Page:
Known as one of the most fragrant flowers grown in the world, Tuberose is the symbol of wild passion and pleasure.
The mistress of Louis XIV, Madame de La Vallière, placed tuberose flowers in her room to prove that she was not pregnant. At the time, tuberose was considered unbearable for pregnant women. In Italy, young girls were prohibited from evening walks in the gardens. The tuberose flowers that were there would have led them to temptation.
Originated from Mexico, the botanical plant Agave amica commonly known as Tuberose, is taking her name from the Latin “Tuberosa” or from the French ” Tubereuse” both meaning swollen.
The bloom usually open during nighttime spreading around a delicious fragrance, overwhelming in all ways.
This iconic flower is being used in perfumery for hundreds of years and in the 17th century, Queen Marie Antoinette ordered a perfume dedicated to this magical flower, its secret love weapon: “Sillage de la Reine”.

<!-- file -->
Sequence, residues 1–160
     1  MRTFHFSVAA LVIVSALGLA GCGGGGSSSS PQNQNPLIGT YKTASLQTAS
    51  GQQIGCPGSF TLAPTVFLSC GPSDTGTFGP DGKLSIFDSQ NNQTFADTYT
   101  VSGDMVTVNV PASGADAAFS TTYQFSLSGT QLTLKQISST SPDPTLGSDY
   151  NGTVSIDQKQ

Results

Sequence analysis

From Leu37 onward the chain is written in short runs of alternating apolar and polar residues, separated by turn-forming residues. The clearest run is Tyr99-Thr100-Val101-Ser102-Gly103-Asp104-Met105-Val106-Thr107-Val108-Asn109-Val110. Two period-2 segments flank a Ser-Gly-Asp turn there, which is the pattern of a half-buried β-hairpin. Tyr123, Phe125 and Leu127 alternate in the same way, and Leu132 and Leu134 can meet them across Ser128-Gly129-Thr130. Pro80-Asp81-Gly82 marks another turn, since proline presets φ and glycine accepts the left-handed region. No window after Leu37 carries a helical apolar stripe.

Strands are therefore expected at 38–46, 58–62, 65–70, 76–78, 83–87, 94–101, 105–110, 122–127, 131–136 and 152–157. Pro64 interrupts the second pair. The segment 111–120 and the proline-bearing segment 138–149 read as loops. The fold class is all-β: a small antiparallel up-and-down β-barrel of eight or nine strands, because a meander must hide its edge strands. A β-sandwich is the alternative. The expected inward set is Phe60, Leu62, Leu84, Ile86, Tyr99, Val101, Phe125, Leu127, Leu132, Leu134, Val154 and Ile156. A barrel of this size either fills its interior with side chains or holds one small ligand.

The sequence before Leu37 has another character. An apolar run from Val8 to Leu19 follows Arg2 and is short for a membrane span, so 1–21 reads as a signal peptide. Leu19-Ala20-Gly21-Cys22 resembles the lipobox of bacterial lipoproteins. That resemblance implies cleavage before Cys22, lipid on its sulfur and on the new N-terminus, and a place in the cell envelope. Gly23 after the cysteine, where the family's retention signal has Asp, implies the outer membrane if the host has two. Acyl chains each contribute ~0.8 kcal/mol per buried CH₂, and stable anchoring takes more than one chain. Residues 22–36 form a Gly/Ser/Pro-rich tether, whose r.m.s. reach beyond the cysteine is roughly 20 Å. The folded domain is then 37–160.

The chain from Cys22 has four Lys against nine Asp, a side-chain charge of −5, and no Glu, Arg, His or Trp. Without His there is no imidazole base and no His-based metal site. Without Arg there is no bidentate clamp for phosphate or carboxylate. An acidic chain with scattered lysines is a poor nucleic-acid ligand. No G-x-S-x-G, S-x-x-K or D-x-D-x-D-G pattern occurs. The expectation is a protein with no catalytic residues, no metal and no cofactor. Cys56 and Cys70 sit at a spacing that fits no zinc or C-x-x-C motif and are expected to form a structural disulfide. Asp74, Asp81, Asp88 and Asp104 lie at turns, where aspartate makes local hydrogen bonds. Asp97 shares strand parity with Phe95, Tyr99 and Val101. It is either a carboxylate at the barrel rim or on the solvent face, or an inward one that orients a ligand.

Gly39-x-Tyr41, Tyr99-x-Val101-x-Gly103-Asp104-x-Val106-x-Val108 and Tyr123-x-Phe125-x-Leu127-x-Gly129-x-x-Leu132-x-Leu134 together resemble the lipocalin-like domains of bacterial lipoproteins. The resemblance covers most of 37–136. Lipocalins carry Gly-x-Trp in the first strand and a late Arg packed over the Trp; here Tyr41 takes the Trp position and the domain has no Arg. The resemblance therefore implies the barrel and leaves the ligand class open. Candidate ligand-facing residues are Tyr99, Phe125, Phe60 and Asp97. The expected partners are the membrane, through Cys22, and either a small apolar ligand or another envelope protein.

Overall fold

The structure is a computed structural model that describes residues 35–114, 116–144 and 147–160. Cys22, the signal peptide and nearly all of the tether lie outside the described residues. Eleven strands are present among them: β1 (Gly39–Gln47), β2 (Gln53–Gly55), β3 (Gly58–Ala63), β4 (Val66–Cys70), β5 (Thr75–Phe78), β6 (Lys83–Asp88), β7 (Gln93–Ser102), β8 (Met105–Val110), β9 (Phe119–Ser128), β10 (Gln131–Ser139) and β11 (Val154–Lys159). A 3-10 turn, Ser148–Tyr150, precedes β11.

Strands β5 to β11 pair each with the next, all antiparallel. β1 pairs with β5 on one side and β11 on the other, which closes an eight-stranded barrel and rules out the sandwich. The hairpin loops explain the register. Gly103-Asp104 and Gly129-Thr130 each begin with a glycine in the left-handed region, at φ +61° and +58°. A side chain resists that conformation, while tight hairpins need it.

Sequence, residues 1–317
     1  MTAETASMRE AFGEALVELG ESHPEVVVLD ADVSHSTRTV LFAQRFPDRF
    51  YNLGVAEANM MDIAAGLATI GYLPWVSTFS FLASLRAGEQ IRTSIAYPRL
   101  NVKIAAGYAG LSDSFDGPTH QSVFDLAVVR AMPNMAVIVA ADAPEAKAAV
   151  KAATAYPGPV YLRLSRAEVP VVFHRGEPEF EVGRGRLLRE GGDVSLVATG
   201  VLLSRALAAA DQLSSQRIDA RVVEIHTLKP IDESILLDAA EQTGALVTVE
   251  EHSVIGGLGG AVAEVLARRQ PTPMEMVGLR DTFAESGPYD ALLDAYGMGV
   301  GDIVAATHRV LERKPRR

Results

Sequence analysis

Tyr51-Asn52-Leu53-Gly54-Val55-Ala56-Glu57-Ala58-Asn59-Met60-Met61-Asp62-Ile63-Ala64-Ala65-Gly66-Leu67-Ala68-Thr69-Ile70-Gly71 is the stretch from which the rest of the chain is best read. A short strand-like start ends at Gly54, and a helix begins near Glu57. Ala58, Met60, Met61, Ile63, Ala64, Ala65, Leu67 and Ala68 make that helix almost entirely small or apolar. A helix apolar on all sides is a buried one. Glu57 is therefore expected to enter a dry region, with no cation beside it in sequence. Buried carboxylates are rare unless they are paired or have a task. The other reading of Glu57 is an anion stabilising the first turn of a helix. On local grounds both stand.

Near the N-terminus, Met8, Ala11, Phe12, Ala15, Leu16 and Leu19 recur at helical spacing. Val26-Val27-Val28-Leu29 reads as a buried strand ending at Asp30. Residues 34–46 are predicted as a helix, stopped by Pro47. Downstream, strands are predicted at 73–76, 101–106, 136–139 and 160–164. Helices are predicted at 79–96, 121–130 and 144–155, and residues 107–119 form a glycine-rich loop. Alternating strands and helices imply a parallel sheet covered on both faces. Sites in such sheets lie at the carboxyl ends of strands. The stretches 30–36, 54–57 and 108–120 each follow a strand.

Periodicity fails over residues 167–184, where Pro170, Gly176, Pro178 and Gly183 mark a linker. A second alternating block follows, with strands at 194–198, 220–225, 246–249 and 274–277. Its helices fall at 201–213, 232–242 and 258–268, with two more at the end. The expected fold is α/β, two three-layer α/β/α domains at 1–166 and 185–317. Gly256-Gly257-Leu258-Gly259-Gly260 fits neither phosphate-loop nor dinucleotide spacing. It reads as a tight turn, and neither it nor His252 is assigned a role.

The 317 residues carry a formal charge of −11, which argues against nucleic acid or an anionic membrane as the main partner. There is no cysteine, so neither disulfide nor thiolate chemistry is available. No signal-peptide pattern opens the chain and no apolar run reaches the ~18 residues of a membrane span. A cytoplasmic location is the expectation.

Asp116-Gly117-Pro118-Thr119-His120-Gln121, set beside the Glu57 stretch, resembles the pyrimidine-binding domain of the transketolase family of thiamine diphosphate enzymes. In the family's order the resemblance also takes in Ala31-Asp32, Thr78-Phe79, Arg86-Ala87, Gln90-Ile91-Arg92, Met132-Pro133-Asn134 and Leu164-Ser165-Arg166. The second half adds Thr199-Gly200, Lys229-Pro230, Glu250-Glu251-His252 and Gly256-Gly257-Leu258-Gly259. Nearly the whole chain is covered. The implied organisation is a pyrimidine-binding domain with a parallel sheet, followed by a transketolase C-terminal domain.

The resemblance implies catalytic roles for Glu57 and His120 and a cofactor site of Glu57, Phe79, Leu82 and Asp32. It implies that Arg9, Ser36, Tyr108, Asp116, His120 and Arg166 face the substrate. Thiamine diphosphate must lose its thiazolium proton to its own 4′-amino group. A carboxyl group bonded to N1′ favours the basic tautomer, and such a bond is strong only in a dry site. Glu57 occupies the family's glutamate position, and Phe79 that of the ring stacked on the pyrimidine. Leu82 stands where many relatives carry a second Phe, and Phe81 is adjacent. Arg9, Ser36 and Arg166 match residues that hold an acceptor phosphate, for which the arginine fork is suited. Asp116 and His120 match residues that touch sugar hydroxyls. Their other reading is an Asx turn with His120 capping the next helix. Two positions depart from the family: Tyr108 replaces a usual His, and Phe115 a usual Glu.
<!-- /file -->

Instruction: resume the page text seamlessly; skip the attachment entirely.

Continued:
To avoid the deterioration of the tuberose smell, harvesting is done by hand. Steam distillation is not used for tuberose due to the flower fragility. It is now the solvent extraction method used in perfumery for tuberose.
The extraction process for tuberose named: “enfleurage” is an ancient, very costly process and it was used to extract the absolute of tuberose in ancient times, even now when this costly process is affordable.
Tuberose absolute is intended for the manufacture of prestige fragrances with an oriental and floral character such as Tubereuse trio of Histoires de Parfums:
Tubereuse 1 capricious: citrusy, fresh more to the green, day side of tubereuse
Tubereuse 2: Virginale that side of tuberose with a more fruity smell of frangipani and mandarin, evoking the smell of this guilty flower in the afternoon
Tubereuse 3: animale is the potion of guilty pleasures; the intoxicating, carnal smell of tuberose in the night, with hints of immortele, tobacco and mysterious, passionate resins.